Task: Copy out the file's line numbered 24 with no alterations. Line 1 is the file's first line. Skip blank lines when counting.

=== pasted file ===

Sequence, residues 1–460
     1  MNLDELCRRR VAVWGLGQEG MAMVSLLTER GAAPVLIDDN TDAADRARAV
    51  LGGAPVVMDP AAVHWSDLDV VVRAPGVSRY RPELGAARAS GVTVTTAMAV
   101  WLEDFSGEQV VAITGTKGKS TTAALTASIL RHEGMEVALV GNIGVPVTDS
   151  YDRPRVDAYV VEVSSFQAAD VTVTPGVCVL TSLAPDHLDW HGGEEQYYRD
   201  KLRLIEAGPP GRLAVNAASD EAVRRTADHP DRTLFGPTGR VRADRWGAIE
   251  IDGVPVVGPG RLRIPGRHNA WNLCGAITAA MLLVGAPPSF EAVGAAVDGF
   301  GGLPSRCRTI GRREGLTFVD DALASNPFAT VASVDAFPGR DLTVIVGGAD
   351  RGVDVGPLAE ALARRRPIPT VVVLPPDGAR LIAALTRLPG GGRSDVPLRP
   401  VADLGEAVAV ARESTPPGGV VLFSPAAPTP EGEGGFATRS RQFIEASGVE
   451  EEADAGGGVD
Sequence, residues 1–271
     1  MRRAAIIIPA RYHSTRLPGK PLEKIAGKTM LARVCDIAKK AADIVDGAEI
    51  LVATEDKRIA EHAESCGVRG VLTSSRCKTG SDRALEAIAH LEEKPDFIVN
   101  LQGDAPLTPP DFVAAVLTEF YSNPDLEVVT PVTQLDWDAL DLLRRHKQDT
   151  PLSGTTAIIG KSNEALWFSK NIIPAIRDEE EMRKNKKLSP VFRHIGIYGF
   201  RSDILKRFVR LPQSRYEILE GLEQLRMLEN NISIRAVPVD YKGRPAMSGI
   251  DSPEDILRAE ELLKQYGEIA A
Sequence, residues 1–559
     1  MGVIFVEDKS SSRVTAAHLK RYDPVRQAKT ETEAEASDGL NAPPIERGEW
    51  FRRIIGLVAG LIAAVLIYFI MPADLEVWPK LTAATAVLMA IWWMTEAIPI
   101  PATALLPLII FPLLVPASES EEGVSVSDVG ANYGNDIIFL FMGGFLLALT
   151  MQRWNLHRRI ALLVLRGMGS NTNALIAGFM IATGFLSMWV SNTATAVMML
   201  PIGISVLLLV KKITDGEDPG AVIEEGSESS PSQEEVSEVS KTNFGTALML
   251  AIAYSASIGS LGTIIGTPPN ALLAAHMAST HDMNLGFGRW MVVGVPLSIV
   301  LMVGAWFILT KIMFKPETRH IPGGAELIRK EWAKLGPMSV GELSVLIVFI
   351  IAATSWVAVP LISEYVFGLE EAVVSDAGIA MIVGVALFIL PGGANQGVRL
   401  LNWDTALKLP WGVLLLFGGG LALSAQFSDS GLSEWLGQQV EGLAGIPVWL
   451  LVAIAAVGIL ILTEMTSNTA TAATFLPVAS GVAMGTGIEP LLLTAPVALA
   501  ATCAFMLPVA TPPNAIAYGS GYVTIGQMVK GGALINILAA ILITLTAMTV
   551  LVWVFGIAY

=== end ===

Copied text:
   201  PIGISVLLLV KKITDGEDPG AVIEEGSESS PSQEEVSEVS KTNFGTALML